By Sabrina Carroll
Elm Staff Writer

Living in Chestertown on the Eastern Shore has many perks and drawbacks. Here are a few factors that make living in Chestertown different from anywhere else in the world.

Eastern Shore2_jjakus• All stores start closing at 5 p.m.: Shopping after typical business hours is essentially impossible on the Eastern Shore, that is, if there are even shops around. While the Forever 21 is open in Times Square, New York City until 2 a.m., even the liquor stores in Chestertown close before most club meetings are over. Stores and boutiques are typically open from 9 a.m. to 4 p.m. and many shops close all day Sundays and Mondays. Freshman Adam Lanphear said, “You know you live on the Eastern Shore of Maryland when the sidewalks close at 5 p.m.”

• You need a waterproof backpack: When it rains, it pours on the Eastern Shore. One never quite knows when it is going to rain; one minute it could be sunny and the next it’s pouring. Freshman Rachel Martinez, a Los Angeles native, experienced something completely different from the West coast. “Being from California, where it only rains a few days a year, I feel like I need a waterproof backpack to keep my binders and laptop safe from the downpours,” she said. “I have never seen so much rain in my entire life.”

If you happen to run into the same issue as Martinez, try putting a dry washcloth on top of your books and laptop to soak up extra rainwater.

• Your typical weekend looks a lot different than a college student’s at a big university: Chestertown offers an array of interesting ways to spend the weekend. While parties still take place like any other college or university, some activities are different than anywhere else. If parties are not for you, Chestertown also offers the small-town charms of a weekly Farmer’s Markets, kayaking on the Chester River, or playing a game of Scrabble at Play It Again Sam.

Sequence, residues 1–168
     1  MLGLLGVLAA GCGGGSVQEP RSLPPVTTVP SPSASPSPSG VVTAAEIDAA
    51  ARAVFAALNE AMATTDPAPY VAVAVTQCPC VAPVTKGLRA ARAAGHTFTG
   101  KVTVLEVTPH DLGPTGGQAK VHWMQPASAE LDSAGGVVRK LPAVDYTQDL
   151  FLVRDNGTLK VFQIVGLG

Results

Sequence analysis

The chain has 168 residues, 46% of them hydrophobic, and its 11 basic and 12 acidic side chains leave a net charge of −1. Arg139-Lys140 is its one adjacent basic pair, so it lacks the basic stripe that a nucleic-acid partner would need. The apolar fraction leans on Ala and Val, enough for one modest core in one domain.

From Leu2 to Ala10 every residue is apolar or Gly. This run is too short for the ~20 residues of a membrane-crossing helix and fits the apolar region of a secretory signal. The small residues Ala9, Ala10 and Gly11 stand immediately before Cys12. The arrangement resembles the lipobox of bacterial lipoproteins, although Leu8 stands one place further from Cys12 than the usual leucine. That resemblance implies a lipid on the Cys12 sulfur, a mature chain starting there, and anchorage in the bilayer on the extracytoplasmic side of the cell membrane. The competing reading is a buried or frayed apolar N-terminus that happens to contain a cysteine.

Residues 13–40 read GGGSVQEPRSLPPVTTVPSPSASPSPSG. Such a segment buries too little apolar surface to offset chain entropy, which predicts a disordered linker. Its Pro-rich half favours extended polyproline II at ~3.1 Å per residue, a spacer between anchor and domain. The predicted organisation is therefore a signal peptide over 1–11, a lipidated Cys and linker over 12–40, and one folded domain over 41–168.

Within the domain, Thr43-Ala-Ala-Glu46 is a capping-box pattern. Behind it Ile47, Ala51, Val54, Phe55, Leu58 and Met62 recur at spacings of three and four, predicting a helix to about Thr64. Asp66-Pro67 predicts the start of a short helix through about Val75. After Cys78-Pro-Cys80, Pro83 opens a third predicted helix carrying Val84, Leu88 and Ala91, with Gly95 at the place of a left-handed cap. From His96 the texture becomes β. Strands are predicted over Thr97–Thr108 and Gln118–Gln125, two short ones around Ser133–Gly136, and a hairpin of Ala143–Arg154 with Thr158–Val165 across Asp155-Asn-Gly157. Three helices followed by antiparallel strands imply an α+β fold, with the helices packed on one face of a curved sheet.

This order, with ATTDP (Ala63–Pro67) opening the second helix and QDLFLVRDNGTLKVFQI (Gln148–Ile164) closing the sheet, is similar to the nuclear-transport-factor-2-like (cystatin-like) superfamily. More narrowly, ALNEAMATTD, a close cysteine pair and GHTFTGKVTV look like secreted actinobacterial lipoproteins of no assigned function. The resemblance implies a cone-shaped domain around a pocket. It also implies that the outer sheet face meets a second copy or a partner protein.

• You would rather smell sweet corn over any guy’s cologne: Agriculture is a prominent aspect of life for many who reside on the Eastern Shore. Sophomore Sam Sink shed some light on the countryside of Chestertown by expressing her approval of Maryland-grown produce. “Maryland has some of the sweetest corn in North America,” she said. “Specifically, Godfrey’s Farms makes the best sweet corn in the state.”

YouKnowYoureOnTheEasternShorebyKDoyleSink, like Martinez, has ventured out way past Chestertown, which has shaped her understanding of the Eastern Shore’s food. “I have been to about 40 states, but Maryland has always held my taste buds for produce,” Sink said.

• You get excited to drive 30 minutes to a restaurant: With only about five good restaurants in Chestertown, it can sometimes be difficult to find a sit-down restaurant that’s different from the restaurant you went to last week. Restaurants like the Lemon Leaf Cafe and the Fish Whistle are good, but finding good ethnic food requires a drive. Visiting Instructor of Spanish Collin Ashmore said, “It just seems like people, especially students, are always excited to get out of Chestertown and the surrounding area just to eat at restaurants everyone else takes for granted.”

• The speed limits change from 25 to 55 to 35 to 65 then back to 25 all within the span of ten miles: Coming into Chestertown, it is essential to really keep your eyes peeled for those tricky speed limit signs. Seeing the constantly changing speeds is common to the Eastern Shore. The Kent County Sheriff’s Department are always watching, so if the speed limit suddenly decreases by a good amount, you should too.

Everyone experiences the small community of Chestertown differently and these are just a few ways to know that you indeed live on the Eastern Shore.

 

The Elm

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